"Certainly, there are significant conservation issues associated with the global shark fin trade, but the claim that sustainable exploitation of sharks is impossible is not correct," says shark biologist Dr David Shiffman, who recently surveyed expert shark researchers on this topic. Ninety percent of them agreed.

Shark meat is a key source of protein for people in many parts of the world: South and Central America, Asia and parts of Africa are the largest consumers. The latest official figures show that imports are on the rise, likely driven by the need to supply global demand for seafood as other fish stocks decline.

"Stopping shark fishing would have dramatic effects on food security," argues Dr Colin Simpfendorpher, co-chair of the IUCN shark specialist group. "And replacing it with land-based animal protein would place a lot more pressure on terrestrial ecosystems." 

The oceans are home to over 400 shark species, and some of them handle fishing pressure quite well under the right circumstances. But in some countries, the shark-fishing rulebook hasn't been updated for decades or – in the most extreme cases – centuries. This needs to change.

To stop overfishing, countries need to set and respect appropriate catch limits, target non-threatened species, limit the major threat of accidental bycatch, and observe seasonal closures. Using as much of each shark caught as possible is also key. That means making use of the entire animal – meat, oil and fins. 

Supporters of fin bans don't always oppose shark fishing, but would still prefer to see fins discarded – much like the burning of ivory stockpiles. For many experts, on the other hand, that’s a wasteful prospect. All of this gives the debate an extra ethical dimension.

There is also mounting concern that outright bans would unduly penalise poor fishing communities that depend on sharks for their livelihood. Without alternatives, they would likely continue to hunt these animals regardless.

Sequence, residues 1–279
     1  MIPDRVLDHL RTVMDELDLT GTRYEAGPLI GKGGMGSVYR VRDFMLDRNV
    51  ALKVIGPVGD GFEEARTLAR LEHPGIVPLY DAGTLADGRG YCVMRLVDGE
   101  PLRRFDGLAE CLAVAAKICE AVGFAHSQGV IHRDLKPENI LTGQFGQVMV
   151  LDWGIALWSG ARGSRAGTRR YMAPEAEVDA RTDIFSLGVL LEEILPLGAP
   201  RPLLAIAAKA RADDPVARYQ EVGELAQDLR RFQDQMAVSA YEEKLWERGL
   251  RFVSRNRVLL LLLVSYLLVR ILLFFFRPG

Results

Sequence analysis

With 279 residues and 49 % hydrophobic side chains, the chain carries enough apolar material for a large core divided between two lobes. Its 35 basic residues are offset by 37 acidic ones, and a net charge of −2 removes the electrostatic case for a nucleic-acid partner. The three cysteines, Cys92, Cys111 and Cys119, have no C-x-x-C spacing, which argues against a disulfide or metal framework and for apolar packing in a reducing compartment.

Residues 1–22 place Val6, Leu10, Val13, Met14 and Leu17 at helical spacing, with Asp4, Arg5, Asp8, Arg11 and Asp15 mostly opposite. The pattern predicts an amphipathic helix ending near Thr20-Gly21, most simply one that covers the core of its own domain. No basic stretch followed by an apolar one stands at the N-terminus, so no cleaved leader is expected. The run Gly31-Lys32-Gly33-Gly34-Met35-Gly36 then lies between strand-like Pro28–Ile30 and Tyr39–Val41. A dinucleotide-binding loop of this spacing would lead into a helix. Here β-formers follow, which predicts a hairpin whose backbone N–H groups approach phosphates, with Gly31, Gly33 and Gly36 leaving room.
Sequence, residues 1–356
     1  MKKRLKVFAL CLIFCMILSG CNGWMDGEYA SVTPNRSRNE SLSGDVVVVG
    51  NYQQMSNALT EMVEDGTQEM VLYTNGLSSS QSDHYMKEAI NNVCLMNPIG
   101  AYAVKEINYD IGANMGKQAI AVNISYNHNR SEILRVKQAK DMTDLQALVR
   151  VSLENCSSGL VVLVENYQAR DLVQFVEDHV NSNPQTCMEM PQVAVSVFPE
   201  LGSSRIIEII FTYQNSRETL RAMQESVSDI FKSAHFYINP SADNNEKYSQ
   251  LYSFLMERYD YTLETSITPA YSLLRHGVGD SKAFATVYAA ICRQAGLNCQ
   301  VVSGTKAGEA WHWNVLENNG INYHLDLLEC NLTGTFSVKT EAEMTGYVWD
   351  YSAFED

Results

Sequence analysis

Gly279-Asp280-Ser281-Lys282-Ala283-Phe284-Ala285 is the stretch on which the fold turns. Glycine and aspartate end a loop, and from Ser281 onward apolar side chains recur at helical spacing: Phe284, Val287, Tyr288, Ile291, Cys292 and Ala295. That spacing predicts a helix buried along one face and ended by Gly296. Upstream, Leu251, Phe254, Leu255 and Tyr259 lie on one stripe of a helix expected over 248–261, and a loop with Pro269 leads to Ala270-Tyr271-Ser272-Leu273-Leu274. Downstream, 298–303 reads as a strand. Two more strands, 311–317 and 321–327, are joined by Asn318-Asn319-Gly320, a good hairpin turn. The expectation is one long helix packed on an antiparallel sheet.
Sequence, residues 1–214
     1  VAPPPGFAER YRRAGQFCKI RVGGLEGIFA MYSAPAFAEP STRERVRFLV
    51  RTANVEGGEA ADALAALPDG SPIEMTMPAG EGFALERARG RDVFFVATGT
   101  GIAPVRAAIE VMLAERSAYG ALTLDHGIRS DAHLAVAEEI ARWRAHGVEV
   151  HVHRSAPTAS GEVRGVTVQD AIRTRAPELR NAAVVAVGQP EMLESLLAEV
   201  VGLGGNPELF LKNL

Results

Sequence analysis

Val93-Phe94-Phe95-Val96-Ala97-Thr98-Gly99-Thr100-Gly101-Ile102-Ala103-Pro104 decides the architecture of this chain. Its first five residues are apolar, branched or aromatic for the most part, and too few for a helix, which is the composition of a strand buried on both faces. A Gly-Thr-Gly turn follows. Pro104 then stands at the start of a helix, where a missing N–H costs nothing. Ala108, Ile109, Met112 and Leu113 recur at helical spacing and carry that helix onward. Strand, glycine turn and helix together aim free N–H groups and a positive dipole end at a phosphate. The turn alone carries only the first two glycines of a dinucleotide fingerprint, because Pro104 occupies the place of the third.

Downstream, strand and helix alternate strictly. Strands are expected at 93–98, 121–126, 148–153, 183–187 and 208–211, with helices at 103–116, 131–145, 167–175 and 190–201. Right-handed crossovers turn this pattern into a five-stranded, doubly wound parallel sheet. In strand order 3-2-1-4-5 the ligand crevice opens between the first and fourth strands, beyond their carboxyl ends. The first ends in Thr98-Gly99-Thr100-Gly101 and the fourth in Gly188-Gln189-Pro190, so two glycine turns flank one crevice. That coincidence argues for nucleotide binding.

"The view that banning fins will fix the crisis that sharks are facing is naïve," says Simpfendorpher. "It is only by addressing fisheries issues that we can fix that. Dealing with shark fins is part of this, but it is only a component."

A conservation approach that focuses solely on fins also ignores the plight of animals like skates and rays, one of the most overfished groups on this planet. 

The biggest challenge to achieving sustainable fisheries, of course, is enforcement. But most shark scientists believe that it can happen on a large scale. In locations where strict fishing and border control laws have been implemented well, like Australia and the US, shark numbers are beginning to bounce back. 

5. How can your voice be heard and how can you help sharks?

Regardless of where you stand in this complex debate, signing internet petitions (or engaging in arguments on social media) is not the best way to make your voice heard – or to help sharks.

There are a number of better options. You can donate to shark research, adopt a shark, or participate in shark spotting, ocean cleanup and other shark-related citizen-science projects. You can also engage in the consultation process for new laws and policies. Write your elected officials. Don't know who they are? Most government websites have detailed contact forms.

Educate yourself and keep up to date with reliable sources. Don't know who they are? Shark Advocates InternationalIUCN Shark Specialist Group, Southern Fried Science and the many researchers, NGOs and labs on this list are a good place to start. 

Don't want to donate, clean, read or write? Eating sustainable seafood is one of the best things you can do to protect the future of sharks and ocean ecosystems as a whole.


Top header image: Angelo Taotaotasi, Flickr